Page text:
Choose ongoing Operational Costs
The fact that most companies build large, fancy ERP systems is something of a paradox
Most companies have a development and implementation time-line of five to ten years – when the same companies agree that their reality is changing so fast that they find it difficult to predict what their business and business model will look like in just a year or two.
It’s crazy to think that we know what the world will look like in ten years – or even in just two. So why do we decide to invest huge sums of money developing and implementing ERP systems in the same way that we always have done?
In such a way that we think we know about the future needs of the business and that we can take everything into account as long as we are thorough enough in the analysis and development?
Does the same ERP system fit a company for life?
When I bought a house many years ago, my kids were small and the need for space was limited.
But I also knew that in 10 to 15 years they would be teenagers and want their own big rooms (preferably with a separate entrance and a private bathroom), and in another 20 years when the kids left the nest, we wouldn’t need big rooms for teenagers any longer but a small guest room instead. So what should i do?
Today, a lot of companies are faced with the same dilemma when buying an ERP system that I was faced with when buying a house:
Should we buy an ERP system for life, or should we move out and move around whenever our needs and desires change?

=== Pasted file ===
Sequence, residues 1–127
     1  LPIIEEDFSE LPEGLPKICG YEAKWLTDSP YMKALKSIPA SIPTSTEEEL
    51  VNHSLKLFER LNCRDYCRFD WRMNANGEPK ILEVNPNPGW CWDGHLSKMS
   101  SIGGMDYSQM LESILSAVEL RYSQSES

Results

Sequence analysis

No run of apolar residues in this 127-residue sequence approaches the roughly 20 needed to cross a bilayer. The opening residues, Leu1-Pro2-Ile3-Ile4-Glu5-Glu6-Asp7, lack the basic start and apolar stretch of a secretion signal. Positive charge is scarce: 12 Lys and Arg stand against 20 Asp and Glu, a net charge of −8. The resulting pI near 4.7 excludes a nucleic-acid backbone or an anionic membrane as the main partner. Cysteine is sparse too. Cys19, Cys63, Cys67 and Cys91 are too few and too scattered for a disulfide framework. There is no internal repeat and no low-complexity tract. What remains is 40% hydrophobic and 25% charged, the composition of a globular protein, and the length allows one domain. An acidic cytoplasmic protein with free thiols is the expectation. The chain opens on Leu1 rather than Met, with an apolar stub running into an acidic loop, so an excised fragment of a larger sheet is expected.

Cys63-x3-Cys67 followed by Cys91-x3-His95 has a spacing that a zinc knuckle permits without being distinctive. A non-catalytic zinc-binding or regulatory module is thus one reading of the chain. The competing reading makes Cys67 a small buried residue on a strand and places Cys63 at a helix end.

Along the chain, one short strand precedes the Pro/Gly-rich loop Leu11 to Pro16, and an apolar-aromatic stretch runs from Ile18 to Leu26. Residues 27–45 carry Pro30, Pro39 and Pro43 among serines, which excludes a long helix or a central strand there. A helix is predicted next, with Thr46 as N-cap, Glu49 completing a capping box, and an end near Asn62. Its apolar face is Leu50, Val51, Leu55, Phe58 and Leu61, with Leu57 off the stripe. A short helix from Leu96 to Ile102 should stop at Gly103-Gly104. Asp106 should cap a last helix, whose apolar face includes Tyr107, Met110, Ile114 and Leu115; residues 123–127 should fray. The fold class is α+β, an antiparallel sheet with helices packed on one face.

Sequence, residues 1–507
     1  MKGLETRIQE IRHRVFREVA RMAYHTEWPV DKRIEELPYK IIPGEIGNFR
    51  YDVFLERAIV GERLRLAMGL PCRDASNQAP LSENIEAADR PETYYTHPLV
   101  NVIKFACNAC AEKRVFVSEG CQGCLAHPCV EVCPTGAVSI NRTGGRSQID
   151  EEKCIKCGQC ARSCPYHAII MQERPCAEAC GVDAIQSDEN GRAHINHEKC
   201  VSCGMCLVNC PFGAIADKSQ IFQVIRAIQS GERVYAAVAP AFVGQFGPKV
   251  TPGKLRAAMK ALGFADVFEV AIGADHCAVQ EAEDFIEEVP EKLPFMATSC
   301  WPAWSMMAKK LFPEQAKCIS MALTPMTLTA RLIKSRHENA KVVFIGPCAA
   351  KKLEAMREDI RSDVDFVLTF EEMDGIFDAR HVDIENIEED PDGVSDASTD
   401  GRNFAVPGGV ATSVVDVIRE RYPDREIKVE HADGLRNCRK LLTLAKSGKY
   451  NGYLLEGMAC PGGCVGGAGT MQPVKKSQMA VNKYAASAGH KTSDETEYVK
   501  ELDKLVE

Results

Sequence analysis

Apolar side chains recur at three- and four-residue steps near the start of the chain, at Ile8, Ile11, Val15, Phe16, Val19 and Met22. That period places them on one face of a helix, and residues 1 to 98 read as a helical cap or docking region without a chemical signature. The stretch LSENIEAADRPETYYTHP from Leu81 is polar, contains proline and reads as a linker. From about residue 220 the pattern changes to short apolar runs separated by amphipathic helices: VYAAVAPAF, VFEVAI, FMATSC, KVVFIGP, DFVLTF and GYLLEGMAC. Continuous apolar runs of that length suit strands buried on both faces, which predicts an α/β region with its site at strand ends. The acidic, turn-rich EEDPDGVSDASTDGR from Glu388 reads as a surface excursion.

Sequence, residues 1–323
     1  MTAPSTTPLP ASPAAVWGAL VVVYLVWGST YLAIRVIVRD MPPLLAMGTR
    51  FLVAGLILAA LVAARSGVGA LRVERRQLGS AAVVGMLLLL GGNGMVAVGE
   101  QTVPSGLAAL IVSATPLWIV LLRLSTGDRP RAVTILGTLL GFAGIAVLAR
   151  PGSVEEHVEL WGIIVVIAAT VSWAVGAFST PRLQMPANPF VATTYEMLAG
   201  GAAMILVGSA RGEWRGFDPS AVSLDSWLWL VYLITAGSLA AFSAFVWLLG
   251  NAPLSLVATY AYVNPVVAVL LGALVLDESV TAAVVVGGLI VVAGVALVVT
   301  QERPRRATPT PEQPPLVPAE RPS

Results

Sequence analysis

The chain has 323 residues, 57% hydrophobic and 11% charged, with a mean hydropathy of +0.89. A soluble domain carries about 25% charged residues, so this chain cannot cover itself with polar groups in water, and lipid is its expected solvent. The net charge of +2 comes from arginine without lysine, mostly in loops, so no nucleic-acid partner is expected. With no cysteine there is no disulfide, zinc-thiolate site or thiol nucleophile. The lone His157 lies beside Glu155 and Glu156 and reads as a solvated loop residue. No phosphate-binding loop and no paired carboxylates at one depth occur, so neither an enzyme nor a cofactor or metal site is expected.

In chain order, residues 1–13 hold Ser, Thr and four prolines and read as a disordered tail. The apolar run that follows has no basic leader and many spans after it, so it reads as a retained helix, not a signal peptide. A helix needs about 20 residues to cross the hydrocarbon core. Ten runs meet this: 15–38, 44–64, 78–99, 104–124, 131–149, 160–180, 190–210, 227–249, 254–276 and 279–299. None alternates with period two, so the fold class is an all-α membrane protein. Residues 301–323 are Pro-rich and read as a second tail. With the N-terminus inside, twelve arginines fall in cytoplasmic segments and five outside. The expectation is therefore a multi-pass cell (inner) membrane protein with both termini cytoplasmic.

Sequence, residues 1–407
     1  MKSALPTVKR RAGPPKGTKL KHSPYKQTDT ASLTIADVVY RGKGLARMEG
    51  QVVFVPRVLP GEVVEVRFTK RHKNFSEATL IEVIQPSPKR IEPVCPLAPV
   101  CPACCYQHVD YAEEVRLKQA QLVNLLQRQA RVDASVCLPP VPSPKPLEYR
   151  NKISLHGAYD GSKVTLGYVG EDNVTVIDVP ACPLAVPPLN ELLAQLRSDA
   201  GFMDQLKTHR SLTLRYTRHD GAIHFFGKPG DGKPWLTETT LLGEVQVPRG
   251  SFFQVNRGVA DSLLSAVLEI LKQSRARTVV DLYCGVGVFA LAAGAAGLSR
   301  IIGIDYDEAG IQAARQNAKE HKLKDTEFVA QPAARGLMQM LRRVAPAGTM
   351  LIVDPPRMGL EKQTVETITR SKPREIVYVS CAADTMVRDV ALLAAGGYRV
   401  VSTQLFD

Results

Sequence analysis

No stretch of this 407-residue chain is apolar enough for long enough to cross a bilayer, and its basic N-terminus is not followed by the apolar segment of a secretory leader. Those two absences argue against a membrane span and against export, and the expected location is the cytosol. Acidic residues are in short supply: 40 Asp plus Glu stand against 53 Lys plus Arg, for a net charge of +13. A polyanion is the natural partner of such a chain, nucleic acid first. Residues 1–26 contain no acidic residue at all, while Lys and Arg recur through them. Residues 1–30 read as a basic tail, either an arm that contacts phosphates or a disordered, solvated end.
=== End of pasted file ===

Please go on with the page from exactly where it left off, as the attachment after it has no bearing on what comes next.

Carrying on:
But as ERP providers, we should advise our customers differently – because another possibility exists.
ERP as a cloud solution is not just hot air
All of our new ERP customers since 2014 have chosen a solution where they only pay for what they use.
As ERP providers, we can’t just go with the flow… we must lead the way.
Read more about this topic in the free book: The Profitable ERP Strategy
I have written a book with input for your ERP strategy, and you can read it for free.
It contains 7 recommendations for a healthy and changeable ERP system:
1. Consider a Cloud Strategy
2. Focus on value and readiness for change
3. Select “best practice” scalable standard functionality
4. Have a strategy for flexible management of master data
5. Select ongoing operating costs rather than large investments
6. Consider a strategy for upgrades where only relevant data is included
7. Select a needs-driven ERP strategy – perhaps with different platforms?